Jordan Belfort, the Real Wolf of Wall Street, comes to Vancouver on Thursday to tell his story and share his proven ethical sales strategies to increase sales and profits in your business. We had the chance to talk with Jordan and ask him about the movie as well as find out more about the way he did business.
What did you think of Scorsese’s interpretation of The Wolf of Wall Street?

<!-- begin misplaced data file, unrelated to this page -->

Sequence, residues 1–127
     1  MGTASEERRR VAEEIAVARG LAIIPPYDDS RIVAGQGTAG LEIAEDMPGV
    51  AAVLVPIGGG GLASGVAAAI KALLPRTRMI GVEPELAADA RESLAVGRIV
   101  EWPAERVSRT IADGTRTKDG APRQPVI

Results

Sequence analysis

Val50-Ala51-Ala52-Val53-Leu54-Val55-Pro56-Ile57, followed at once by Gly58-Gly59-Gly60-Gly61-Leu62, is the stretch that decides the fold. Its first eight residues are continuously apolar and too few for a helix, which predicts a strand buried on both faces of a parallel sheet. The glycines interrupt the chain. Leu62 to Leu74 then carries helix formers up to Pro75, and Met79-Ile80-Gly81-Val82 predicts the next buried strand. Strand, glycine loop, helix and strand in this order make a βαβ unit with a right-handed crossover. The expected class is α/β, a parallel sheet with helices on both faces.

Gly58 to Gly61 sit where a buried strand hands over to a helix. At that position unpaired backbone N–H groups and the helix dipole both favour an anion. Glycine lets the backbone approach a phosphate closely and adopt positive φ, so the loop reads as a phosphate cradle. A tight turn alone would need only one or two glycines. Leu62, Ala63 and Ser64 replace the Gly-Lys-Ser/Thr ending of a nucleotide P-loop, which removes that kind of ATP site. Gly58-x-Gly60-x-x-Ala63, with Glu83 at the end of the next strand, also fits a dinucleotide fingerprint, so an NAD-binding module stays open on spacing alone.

I really loved the movie and I think Scorsese did an amazing job. Obviously there’s things I would’ve changed because the movie’s fictionalized in some respect, especially some of the business stuff. Of course, I understand why he did some of the things he did and I did agree with many of them because you only have three hours in a movie, he’s trying to get certain points across. But that did lead to certain issues, for instance the idea that I went down to Wall Street in the first scene and I’m a choir boy and I say, can’t we make our clients money too and I’m refusing alcohol and drugs. And then in the very next scene I’m snorting cocaine with strippers. Now you probably say, how does somebody lose their soul that quickly? The truth it is that’s not how it happened. That was about a two year progression from being a guy that had the high moral standards and wasn’t cheating on his wife to become the guy that was the crazy wolf. I understand that he has three hours and has to make a point, but I think it would’ve been better, and these were in my notes to Scorsese, to make it a slower descent, which is really the way it was.